- Avoid high-fat and highly processed protein sources.
- Opt for low-fat nuts, beans, and dairy food.
- Spread out your protein throughout the day. Consider the “30-30-30” daily protein intake rule: 30 grams at breakfast, 30 grams at lunch, and 30 grams at dinner.
- Consult a doctor on whether a high-protein diet is suitable and safe for you.
High-Protein Foods for Adults 50+
According to several dietitians, the following are the best protein-heavy foods to eat after 50:
Many dairy foods, such as milk, cheese, and yogurt, provide high-quality protein. Milk, in particular, contains the amino acid leucine. Besides protein, they also have high calcium content, which promotes strong, healthy bones. However, they’re not the best options for people who have lactose intolerance and dairy allergies.
A plant-based alternative to dairy foods is quinoa. Although it’s a whole grain, it has a high protein content that can meet your daily protein needs. In fact, it’s a source of complete protein, which means it provides all EAAs.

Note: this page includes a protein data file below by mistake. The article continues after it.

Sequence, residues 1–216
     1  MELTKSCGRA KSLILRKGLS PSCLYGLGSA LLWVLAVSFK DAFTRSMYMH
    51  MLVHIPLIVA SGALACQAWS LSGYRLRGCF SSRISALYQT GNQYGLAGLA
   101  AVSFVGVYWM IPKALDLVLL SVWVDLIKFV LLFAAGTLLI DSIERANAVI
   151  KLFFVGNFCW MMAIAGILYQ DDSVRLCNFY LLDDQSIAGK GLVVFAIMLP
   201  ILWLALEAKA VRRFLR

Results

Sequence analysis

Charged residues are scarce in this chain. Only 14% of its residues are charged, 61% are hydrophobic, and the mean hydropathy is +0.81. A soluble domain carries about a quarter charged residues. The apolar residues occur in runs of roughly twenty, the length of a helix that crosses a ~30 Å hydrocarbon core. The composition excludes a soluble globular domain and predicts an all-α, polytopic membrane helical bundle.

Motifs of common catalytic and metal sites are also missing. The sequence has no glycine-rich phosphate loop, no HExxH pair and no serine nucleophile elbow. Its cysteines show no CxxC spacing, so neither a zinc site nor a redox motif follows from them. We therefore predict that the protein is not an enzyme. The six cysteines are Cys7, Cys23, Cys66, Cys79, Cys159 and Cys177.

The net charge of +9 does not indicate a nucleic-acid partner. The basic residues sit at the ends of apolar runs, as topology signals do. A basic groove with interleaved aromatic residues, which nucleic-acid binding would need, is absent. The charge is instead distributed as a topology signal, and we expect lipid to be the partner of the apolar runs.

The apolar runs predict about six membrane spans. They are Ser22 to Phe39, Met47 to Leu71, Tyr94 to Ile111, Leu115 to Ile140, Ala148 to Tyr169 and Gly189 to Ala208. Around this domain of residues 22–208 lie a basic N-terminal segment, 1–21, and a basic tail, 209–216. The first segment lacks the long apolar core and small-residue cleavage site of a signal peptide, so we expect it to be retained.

Quinoa is also rich in fiber. It has a lot of aging benefits. First, it lowers the risk of heart disease by getting rid of cholesterol in the body. Second, it feeds the good gut bacteria to improve the immune system by feeding the good gut bacteria.
Like dairy products, lean is another protein source that often gets a bad rap, especially once people reach their 50s. However, beef is packed with several essential nutrients, including high-quality protein, the antioxidant selenium, iron, and vitamin B-12, all great for old age.
While many claim its potential effects on your cholesterol, eggs are the most bioavailable protein for us. Not only a lean source of protein but eggs also provide healthy fats. These two help you feel full for longer, helping you manage or lose weight well.
Eggs also have vitamin D and iron, which both promotes strong bones and the normal function of the immune system. Eggs also have vitamin B12 and choline, which slows down the aging of the brain and promotes brain and cognitive health.